"Find the fun"
alexin@stencyl.com

#### Joe

• Posts: 2480
The other solution is to use a rectangle shape (or whatever you want for that matter) and fake the ricochet.
When the bullet hits a tile, use its collision points to get the normal corresponding to the tile. Use that vector to reflect the direction of the bullet and invert the velocity vector.

I actually created a nice Behavior in the Java engine to do this, but I never ported it over.

#### Masked

• Posts: 76
Alexin, while your solution to preventing spinning worked perfectly, I still face the problem of the bullet not ricocheted at most angles. I made the bullet spawn sparks at its collision points so that I could tell where they were being registered, and they're constantly appearing inside tiles, in strange places, etc. I've considered a number of possibilities for reasons as to why the bullet won't properly ricochet, all of which have to do with collision - when I made the bullet invincible it would still disappear at many angles when it hit a tile. This is probably due to the fact that the collision circle is at the very end of the bullet's sprite, so, with rotation and all that added in, stuff gets messed up when the actor tries to bounce off of things.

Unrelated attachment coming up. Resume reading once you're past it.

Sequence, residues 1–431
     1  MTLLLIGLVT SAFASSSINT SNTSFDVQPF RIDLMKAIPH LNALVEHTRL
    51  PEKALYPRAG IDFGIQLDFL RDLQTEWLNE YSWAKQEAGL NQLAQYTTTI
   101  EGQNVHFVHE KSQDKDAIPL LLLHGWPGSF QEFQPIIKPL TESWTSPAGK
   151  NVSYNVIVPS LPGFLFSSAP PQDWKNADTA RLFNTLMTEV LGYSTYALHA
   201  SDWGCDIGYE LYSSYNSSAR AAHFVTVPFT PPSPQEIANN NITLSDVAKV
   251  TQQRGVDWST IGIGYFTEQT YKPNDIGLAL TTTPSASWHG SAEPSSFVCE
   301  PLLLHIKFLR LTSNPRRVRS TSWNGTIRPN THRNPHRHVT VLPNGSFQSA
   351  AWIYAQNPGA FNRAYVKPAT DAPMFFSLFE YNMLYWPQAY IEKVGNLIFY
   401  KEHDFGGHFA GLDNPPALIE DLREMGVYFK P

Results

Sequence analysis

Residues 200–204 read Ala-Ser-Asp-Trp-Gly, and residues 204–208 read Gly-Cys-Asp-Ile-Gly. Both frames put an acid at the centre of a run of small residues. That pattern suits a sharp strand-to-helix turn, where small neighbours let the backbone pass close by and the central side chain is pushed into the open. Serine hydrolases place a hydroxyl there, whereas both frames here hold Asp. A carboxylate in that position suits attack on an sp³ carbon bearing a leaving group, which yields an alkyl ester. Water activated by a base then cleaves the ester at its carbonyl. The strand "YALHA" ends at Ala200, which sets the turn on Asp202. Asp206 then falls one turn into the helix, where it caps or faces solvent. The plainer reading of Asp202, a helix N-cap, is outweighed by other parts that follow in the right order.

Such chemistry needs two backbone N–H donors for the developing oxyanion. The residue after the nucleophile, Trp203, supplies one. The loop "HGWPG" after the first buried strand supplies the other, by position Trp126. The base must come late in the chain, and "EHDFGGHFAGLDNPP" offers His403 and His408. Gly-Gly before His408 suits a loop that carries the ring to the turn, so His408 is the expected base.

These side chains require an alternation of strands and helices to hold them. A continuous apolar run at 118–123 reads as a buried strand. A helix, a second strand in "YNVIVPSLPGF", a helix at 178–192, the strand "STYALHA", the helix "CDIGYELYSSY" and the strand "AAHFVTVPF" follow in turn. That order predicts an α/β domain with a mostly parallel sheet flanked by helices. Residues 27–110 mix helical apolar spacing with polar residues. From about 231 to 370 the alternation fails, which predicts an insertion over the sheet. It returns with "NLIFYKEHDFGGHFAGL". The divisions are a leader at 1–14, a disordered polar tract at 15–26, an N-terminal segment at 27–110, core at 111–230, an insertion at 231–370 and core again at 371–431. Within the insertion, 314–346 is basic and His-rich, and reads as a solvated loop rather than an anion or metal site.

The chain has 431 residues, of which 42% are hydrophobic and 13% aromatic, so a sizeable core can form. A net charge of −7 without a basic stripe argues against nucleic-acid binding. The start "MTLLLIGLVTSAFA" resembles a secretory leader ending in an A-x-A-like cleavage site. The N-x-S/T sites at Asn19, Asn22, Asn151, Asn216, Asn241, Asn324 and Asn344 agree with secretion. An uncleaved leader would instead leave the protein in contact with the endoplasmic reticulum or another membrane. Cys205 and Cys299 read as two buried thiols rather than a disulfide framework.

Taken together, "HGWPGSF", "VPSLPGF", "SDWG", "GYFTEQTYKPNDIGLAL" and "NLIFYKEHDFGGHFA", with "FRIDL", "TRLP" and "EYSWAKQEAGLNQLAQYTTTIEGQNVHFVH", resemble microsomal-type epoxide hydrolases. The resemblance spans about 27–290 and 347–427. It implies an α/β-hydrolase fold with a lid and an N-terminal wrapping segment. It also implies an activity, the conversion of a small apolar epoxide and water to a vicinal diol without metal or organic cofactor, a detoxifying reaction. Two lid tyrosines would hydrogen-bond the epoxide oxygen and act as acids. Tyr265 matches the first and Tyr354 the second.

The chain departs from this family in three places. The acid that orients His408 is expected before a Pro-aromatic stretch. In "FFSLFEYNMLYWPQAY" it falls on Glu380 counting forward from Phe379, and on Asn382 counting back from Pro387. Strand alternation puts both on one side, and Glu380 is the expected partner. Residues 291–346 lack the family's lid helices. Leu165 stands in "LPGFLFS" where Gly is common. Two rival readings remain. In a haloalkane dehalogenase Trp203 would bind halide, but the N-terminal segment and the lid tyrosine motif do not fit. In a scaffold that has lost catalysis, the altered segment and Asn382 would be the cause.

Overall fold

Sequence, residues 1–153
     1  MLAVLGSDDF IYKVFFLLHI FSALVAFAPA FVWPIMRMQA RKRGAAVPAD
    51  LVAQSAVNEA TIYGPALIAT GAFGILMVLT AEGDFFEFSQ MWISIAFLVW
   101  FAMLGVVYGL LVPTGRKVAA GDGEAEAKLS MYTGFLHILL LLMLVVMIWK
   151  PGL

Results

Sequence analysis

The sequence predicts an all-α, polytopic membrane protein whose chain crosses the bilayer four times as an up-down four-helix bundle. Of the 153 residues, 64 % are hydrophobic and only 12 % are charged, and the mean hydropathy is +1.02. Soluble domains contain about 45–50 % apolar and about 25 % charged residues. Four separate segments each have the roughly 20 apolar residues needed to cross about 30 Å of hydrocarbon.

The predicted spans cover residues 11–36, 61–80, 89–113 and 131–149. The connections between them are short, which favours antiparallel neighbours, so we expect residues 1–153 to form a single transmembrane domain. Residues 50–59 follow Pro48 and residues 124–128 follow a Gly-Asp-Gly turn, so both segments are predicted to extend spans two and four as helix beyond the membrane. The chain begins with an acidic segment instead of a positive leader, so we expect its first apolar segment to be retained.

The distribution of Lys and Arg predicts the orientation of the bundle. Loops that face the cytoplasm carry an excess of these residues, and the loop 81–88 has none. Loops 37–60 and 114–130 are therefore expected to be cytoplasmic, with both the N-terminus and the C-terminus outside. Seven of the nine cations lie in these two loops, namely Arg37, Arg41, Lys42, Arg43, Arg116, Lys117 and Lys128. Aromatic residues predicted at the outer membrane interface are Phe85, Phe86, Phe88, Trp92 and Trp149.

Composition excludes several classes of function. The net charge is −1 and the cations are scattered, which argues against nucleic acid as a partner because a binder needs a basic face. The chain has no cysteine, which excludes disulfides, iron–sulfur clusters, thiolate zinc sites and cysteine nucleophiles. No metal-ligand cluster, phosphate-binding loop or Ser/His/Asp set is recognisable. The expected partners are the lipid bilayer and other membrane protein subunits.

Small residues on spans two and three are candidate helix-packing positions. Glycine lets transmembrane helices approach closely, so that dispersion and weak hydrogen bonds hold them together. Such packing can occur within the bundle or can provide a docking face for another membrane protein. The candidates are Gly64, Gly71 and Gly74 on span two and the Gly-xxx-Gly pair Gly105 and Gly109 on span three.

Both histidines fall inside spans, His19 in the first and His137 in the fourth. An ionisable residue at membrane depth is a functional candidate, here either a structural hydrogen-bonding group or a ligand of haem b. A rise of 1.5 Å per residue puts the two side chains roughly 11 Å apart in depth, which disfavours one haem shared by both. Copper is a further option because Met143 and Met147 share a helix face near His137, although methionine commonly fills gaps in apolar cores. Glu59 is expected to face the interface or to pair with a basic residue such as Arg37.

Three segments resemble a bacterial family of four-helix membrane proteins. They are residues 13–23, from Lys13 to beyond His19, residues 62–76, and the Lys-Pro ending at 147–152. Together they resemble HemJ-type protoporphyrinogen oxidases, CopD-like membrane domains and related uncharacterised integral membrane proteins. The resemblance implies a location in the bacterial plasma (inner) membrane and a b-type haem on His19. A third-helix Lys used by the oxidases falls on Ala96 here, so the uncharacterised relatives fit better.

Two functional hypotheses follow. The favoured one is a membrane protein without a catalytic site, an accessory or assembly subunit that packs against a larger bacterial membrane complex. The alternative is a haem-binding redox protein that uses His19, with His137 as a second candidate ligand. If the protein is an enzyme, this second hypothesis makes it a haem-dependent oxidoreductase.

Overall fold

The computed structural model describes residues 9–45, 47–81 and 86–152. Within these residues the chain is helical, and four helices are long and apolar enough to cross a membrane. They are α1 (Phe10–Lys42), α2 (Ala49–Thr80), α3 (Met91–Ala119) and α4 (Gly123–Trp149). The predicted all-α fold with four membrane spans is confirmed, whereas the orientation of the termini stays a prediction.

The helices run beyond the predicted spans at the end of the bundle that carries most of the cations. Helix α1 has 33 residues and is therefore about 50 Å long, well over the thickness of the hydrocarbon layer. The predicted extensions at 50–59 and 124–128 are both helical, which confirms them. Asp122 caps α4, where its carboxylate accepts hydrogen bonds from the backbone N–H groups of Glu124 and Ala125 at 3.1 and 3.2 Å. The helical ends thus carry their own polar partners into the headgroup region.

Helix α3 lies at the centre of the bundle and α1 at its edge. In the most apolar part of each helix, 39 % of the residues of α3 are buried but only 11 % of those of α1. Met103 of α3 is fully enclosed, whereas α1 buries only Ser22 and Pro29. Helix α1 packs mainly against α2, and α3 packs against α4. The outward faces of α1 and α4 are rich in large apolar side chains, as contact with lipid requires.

I'll try the same method with a perfectly round, 3 by 3 bullet later this afternoon (though that won't have the same visual "oomph" as the streak I'm using now) to see if that fixes the problems with collision, and if that doesn't work I'll experiment with your second suggestion. (Though to be honest I'm not sure how to do the math to calculate that second path for the ricocheted bullet).

If worst comes to worst I'll make the bullets not ricochet, though I think giving them that ability makes for a much more tactical experience.

Also thanks for your help.

#### Alexin

• Posts: 3130
Try enabling continuous collision detection (there's a block for that) and set the friction to 0.0, while keeping the bounciness to 1.0.
"Find the fun"
alexin@stencyl.com

#### Darkhog

• Posts: 1243
Either use a single circle for the collision shape or fake the ricochet yourself, instead of relying on the physics engine.